The doll didn’t have a great variety of facial expressions. There was his default blank look, which reminded Heero disturbingly of the Kens he’d seen at the stores, and there was a wider and far less creepy grin; then he could wink either of his eyes, but that was about the extent of it. At the moment, however, it looked as if he was trying very hard to give an amused, interested smile as he replied, “Off the top of my head, I’d say it means Heero has magical abilities and Quatre doesn’t.”
“Really?” Quatre turned a grin much like the one Duo was attempting toward his friend, apparently not at all bothered that he might be left out of the magical loop.
“Me?” Heero wondered in surprise at the same moment, almost certain he didn’t like the idea.
“I could be wrong,” said Duo in his ‘shrug’ tone. “But that’s usually what it means when you get a vision during a divination.”
Quatre looked very much as a proud parent might after a child’s successful musical recital, and also a little as if he found the revelation rather funny.
Heero, on the other hand, couldn’t quite accept it. “Is this magical ability anything like Ken’s bi-curious phase in the 90’s?” he wondered, a sardonic tone covering up his continual unease.
Duo laughed, half reminiscent and half rueful. “You’re never going to believe anything I say ever again, are you?” He grinned. “If you can find another explanation for why you got a vision that’s only supposed to appear to magicians…”
Heero frowned. “Shouldn’t I have noticed a little earlier, though? Can you have magic for twenty-four years without knowing it?”
“You have to be around magic for your own magic to wake up,” Duo explained. “So presumably you could go your entire life without knowing it. For me and Trowa it was this old gypsy lady in our neighborhood — the one with the five dogs. For you, apparently, it was yours truly.”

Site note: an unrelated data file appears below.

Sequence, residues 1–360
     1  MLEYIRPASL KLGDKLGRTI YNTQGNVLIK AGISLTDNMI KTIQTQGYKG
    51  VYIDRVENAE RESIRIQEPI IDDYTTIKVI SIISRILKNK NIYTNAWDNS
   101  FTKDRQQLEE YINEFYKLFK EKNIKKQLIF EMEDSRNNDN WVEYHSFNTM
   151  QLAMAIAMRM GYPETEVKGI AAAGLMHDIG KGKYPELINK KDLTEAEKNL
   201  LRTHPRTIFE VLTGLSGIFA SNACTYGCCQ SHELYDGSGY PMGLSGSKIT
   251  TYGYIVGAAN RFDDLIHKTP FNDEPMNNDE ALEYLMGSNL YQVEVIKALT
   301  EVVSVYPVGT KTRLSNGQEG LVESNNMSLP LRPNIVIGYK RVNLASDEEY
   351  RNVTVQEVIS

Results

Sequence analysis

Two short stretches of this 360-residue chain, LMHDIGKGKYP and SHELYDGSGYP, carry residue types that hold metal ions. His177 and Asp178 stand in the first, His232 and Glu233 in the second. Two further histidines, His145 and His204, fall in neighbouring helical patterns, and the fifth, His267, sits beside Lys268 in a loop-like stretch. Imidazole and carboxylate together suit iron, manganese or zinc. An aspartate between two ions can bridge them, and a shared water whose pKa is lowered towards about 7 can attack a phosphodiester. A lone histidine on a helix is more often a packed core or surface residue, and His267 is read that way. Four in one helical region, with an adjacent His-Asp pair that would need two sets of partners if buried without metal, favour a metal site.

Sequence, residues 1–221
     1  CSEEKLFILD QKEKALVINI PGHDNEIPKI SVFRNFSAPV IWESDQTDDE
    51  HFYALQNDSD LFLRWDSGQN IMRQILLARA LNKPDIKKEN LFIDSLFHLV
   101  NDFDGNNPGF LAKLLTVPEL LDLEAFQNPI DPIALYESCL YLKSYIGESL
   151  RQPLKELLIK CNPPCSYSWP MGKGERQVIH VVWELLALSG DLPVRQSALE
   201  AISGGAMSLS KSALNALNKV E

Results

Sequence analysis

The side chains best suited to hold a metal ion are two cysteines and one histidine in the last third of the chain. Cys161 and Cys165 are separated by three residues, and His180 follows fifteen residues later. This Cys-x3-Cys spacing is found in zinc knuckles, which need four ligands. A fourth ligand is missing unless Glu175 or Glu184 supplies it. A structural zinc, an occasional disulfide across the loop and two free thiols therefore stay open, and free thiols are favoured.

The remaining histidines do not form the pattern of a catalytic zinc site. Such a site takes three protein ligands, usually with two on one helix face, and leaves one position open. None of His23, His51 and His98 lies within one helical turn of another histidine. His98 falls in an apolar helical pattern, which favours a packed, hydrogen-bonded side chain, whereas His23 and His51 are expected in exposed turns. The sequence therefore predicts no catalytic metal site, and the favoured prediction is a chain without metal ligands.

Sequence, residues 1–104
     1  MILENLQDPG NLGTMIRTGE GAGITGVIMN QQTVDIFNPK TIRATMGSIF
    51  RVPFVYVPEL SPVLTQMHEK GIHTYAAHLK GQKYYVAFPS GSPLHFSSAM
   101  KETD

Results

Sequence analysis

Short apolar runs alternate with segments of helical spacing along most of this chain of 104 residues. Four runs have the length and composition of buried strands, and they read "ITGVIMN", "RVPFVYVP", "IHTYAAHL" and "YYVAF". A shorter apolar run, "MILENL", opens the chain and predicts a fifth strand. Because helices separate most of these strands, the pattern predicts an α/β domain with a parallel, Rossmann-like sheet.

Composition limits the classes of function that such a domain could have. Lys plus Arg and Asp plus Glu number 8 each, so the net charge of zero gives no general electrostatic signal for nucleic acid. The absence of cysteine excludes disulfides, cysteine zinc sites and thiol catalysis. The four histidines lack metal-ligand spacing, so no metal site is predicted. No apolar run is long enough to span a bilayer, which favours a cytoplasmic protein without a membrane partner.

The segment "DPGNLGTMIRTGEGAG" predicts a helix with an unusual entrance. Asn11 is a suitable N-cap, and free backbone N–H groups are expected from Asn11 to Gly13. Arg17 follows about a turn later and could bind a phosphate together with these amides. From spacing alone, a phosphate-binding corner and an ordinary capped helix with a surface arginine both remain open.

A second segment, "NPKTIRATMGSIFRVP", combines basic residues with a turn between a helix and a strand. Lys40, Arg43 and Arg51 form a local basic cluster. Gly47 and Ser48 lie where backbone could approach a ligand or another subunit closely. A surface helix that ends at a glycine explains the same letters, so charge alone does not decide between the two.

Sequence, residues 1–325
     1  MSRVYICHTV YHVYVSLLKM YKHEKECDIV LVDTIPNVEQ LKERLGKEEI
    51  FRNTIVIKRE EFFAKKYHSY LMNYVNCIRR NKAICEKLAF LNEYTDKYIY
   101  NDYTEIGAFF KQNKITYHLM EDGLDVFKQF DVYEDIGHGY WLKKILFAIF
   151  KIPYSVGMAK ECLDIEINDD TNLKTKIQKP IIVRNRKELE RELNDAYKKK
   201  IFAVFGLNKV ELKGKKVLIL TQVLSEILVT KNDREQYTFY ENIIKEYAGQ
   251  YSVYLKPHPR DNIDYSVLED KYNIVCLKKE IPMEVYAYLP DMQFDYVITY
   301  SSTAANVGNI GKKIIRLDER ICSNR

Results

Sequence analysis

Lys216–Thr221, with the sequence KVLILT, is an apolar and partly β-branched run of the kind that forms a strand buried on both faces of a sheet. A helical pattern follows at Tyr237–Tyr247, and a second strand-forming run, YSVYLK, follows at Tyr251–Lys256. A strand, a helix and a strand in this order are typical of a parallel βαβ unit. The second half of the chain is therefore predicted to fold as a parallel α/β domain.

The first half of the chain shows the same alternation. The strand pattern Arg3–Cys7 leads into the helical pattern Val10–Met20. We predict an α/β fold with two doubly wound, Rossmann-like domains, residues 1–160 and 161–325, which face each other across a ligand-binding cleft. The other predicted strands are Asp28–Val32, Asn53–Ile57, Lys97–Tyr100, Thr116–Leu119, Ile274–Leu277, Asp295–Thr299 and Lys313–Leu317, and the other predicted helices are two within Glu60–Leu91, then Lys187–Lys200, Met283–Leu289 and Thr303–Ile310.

This silenced Heero utterly. He didn’t really disbelieve it, and the thought that it had only come about because of Duo made things a little better. At the same time, however, there was something disconcertingly… intimate… something far more appealing than it had any right to be when Duo was so unavailable… about the thought that Duo, by his mere presence, had awakened something heretofore unknown inside of Heero… and this made things, in another sense, much, much worse.
Quatre the perceptive friend jumped right in to rescue him. “Well, that’s exciting!” he said brightly. “You can learn to do all sorts of cool stuff, and maybe some of those message board posts will start to make sense!”
“Yeah,” Heero replied gruffly.
“You don’t have to, though,” said Duo reassuringly, evidently misinterpreting the discomfort Heero had been unable entirely to hide.
Heero forced a faint laugh.
“Well, I’ve got to go home,” Quatre said, somewhat reluctantly. “But I’ll see you both tomorrow.”
Heero rather wished Quatre could have waited until they’d come up with a change of subject before leaving, but understood this wasn’t necessarily possible. “OK,” he said.
“More basketball tomorrow, right?” Duo wondered eagerly.
Quatre cheerfully confirmed this assumption as he located his briefcase, and then he was gone. Heero was glad the subject had been brought up — now he could talk about tomorrow’s game until he left the room to go to bed, and leave thinking about Duo awakening his magical potential until he was alone.